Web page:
of those who do evil;
for that they reject the Signs of Allah, and hold them up to ridicule.
“…O’ Yazid, do you think you have achieved worldly good [by these atrocities], that your affairs have become stabilized and our rule has fallen into your hands. Wait for a while. Do not be so joyful. Have you forgotten Allah’s saying [Surah 3 (Al-Room): Ayah 178]:
وَلاَ يَحْسَبَنَّ الَّذِينَ كَفَرُواْ أَنَّمَا نُمْلِي لَهُمْ خَيْرٌ لأَنفُسِهِمْ
إِنَّمَا نُمْلِي لَهُمْ لِيَزْدَادُواْ إِثْمًا وَلَهْمُ عَذَابٌ مُّهِينٌ
Let not the Unbelievers think that Our respite to them is good for themselves: We grant them respite that they may grow in their iniquity: But they will have a shameful punishment.
“Yazid! O son of freed slaves! Is this justice that you keep your own daughters and slave maids veiled while the daughters of the Prophet of Allah are being paraded from place to place exposed.”
“O’ Yazid, whatever you have done proves your revolt against Allah and your denial of His Prophet (pbuh) and of the Book and Sunnah that the Holy Prophet (pbuh) brought from Allah. Your deeds should not cause amazement because one whose ancestors chewed the livers of the martyrs, whose flesh grew up on virtuous people, who fought against the Master of Divine Prophets, who mobilized parties for fighting against him and drew swords against him, should conspicuously excel all Arabs in unbelief, sinfulness, excesses, and enmity against Allah and His Prophet”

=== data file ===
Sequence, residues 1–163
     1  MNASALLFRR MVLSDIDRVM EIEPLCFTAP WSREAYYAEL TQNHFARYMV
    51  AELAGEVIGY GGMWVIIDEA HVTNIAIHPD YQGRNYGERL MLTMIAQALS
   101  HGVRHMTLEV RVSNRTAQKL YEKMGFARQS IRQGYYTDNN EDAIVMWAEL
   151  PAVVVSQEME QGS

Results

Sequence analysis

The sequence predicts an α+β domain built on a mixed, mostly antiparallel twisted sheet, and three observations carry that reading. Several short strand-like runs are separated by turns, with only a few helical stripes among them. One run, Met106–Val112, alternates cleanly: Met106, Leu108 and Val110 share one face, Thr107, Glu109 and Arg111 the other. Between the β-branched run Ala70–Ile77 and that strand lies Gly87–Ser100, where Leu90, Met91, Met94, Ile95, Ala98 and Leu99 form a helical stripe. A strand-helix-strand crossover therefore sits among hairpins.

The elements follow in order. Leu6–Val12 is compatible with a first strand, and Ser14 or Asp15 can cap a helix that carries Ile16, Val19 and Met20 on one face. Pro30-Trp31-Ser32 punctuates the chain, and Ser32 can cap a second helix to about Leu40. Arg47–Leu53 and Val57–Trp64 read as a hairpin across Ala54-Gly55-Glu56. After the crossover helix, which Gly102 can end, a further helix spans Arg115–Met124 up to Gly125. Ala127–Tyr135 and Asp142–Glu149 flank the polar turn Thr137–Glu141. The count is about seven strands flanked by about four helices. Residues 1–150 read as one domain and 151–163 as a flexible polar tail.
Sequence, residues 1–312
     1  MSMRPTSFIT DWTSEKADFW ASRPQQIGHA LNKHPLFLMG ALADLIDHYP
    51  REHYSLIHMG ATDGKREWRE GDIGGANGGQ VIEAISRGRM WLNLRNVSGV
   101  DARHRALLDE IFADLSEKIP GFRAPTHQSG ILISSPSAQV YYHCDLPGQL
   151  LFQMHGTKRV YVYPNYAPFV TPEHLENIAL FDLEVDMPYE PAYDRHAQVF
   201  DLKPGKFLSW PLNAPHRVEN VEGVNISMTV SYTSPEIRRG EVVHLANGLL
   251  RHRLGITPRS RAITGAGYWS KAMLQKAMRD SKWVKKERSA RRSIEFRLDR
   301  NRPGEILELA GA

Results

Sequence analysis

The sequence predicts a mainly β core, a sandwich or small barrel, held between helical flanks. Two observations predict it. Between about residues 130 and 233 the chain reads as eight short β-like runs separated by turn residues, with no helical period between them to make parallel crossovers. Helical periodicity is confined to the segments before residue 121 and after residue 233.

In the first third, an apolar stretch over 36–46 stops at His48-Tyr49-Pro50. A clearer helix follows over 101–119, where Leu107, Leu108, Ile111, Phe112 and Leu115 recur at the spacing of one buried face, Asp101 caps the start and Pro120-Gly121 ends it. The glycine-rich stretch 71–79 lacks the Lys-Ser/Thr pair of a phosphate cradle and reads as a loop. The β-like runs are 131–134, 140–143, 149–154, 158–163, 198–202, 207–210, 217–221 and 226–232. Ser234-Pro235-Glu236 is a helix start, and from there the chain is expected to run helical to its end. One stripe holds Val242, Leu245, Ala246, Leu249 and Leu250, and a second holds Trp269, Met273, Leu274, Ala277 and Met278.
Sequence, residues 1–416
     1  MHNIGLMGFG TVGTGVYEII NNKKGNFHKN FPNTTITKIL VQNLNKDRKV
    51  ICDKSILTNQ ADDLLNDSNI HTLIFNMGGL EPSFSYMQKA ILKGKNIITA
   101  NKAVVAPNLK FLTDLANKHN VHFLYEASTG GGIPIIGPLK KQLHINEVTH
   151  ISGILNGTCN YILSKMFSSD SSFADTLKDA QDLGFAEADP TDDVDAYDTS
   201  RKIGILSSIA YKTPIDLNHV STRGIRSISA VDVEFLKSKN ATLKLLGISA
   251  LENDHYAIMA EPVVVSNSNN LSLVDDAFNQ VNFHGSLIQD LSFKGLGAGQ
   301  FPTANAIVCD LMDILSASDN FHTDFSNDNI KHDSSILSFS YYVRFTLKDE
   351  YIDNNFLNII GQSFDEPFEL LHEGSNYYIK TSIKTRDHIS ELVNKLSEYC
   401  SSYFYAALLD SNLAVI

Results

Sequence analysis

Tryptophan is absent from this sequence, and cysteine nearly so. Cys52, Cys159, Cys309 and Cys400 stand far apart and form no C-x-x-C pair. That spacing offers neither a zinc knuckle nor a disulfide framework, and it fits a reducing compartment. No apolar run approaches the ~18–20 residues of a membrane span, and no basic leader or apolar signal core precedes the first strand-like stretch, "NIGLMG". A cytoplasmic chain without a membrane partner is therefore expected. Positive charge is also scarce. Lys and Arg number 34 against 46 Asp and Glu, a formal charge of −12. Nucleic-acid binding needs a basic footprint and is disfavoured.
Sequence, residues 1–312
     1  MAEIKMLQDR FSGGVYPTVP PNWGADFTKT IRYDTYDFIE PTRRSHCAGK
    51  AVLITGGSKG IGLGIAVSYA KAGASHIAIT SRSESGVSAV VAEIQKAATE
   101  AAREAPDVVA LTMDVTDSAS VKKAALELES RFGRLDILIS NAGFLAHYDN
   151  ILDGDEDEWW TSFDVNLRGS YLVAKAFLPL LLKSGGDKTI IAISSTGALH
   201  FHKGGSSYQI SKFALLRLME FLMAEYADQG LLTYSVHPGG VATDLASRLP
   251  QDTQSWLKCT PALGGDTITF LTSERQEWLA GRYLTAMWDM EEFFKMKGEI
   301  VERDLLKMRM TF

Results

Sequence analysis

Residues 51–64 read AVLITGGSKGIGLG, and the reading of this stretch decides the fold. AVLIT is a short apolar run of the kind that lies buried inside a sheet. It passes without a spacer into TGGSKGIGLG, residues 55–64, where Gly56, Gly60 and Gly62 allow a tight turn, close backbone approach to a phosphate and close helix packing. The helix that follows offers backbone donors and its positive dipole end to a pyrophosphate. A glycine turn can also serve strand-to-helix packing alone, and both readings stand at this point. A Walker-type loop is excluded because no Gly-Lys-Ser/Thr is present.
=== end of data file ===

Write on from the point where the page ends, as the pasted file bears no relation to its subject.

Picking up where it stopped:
Exposing Yazid fully:
Through Zainab’s fearless speeches and from the word that spread as a result of their journey, the lies of Yazid were fully exposed,, and people came to know of the truly gruesome events of Karbala. Their hearts were stirred, they were shocked. The captivity and humiliation of the family of the Prophet brought Zainab’s narrations to the awareness of an ever-increasing number of people. As such, word came to Yazid that there was broiling turmoil and unrest in the realm. This meant that a grave danger was broiling against him too. As a result he decided to release the captives.
To ameliorate the effect of his atrocities, and to prevent trouble by the public, Yazid provided a large house for them in the residential sector of Damascus. Here Zainab held her first gathering for the mourning and remembrance (Majlis Azaa مجـلـس عـزاء ) of Imam Husain. The women of Benu Hashim arrived clad in black, with their heads uncovered, weeping in a heart rending manner. Imam Zainul Abideen sat on the carpet of Imam Husain and then Zainab told the women of Syria what had befallen them. The women became overtaken with grief, shed tears and mourned. When they went home they passed on the gruesome information to their men-folk.